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Nike missile site's future pondered


Thomas Blunt will hardly be sad to see his neighbor go.

"It was H-E-L-L," living near anti-aircraft missile base during the Cold War, he said one day last week from his farm in Granite in western Baltimore County.

The Nike missiles that were stored next to Blunt's farm for two decades in underground silos are long gone. But the old radar installation, made up of eight cinder- block buildings and two rusted radar towers, remains standing just down Hernwood Road. It was there that soldiers scanned the skies for Soviet planes.

Residents of Granite want the federal government to turn that land over to them, possibly to be annexed to Patapsco State Park. Officials at Fort Meade say that three underground fuel storage tanks were removed recently and that the property could become available within a year or two.

The Army removed the missiles from the site in the late 1960s, but the National Guard used the radar installation for several years after that.

Blunt is one person who would like to see all traces of the installation eliminated. Not just because the boarded-up buildings and rusted towers are a jarring contrast to the pastoral fields where goats and donkeys graze, but because they conjure up bad memories.

In the 1950s, the U.S. government took 28 acres of his family's land for the site, first offering $100 an acre, but eventually paying $1,000 an acre after Blunt took the government to court.

The property where the missiles were stored has since been taken over by what he describes as a better neighbor. The state uses the land as a training center for police officers and police dogs.

But farther down Hernwood Road, just north of Old Court Road, is the 16.5-acre former radar site. The community wants to use the land for a park, a community center, or maybe "an interpretive center for Cold War history," says Brenda Logue, president of the Granite Historical Society.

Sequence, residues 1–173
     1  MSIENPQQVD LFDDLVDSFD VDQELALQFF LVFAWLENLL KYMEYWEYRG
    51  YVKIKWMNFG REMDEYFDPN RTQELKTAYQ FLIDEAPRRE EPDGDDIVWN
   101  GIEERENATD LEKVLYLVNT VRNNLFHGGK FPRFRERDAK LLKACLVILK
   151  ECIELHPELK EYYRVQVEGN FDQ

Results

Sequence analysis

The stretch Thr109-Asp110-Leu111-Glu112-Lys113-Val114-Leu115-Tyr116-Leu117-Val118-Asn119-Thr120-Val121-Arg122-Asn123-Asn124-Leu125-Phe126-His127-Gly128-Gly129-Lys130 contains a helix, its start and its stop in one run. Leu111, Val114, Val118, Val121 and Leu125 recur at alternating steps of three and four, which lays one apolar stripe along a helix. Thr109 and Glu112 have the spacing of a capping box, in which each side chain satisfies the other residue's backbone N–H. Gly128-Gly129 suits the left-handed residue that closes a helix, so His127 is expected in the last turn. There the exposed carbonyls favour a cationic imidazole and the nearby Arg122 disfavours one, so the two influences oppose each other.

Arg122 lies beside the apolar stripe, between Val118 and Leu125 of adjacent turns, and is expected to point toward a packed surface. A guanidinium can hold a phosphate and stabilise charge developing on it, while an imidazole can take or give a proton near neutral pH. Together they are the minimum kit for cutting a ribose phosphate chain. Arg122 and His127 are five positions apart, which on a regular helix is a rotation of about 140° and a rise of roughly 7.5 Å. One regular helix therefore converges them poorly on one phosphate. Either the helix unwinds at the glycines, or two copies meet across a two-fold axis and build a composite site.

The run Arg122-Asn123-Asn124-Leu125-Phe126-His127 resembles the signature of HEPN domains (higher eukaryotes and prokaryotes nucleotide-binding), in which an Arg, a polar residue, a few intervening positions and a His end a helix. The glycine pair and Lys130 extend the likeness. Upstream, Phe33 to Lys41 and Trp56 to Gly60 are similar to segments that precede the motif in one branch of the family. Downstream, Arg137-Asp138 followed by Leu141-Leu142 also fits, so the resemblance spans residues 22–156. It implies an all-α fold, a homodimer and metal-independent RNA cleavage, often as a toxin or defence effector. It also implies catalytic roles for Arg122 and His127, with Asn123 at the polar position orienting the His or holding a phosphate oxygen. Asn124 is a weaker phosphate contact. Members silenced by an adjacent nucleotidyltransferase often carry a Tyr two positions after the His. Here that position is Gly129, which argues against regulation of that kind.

She says the community is undecided about the future of the base, which borders a national historic district.

During a recent visit to the site, hawks perched on the two rusted towers. Boards covered the windows of the buildings that once housed the radar operation. The area is surrounded by a chain-link fence and barbed wire.

Blunt sees it as an eyesore.

But Roz Roddy, president of the Greater Patapsco Community Association, says some in the neighborhood would like to preserve the control center.

One such resident, Joe Tatarewicz, an associate professor of history at University of Maryland, Baltimore County and a Cold War historian, was so fascinated by the Nike site that he had his graduate students complete a research project about it in conjunction with the Granite Historical Society.

"I appreciate that for a rural community, it is an eyesore. It is an unpleasant reminder of another time," he says. "To me, as a historian of this era, it's as fascinating as a Victorian house is to a 19th-century historian."

While the site may look ugly to some, the installation has one asset that Baltimoreans might enjoy. The sentry box at the entrance - a building slightly larger than a telephone booth - is encased in Formstone.

But the condition of other structures on the property could pose a problem to the next owner, who would be responsible for removing old buildings full of asbestos and taking care of towers that are probably coated with lead paint, says Jim Gebhardt, an environmental engineer at Fort Meade.

It could cost could cost millions of dollars to remove the towers alone, says Tatarewicz.

Nevertheless, says Logue, "That's part of Granite's 1950s history. It's just a different era, but that's not a reason not to value its history.

"It's an eyesore that has real potential."

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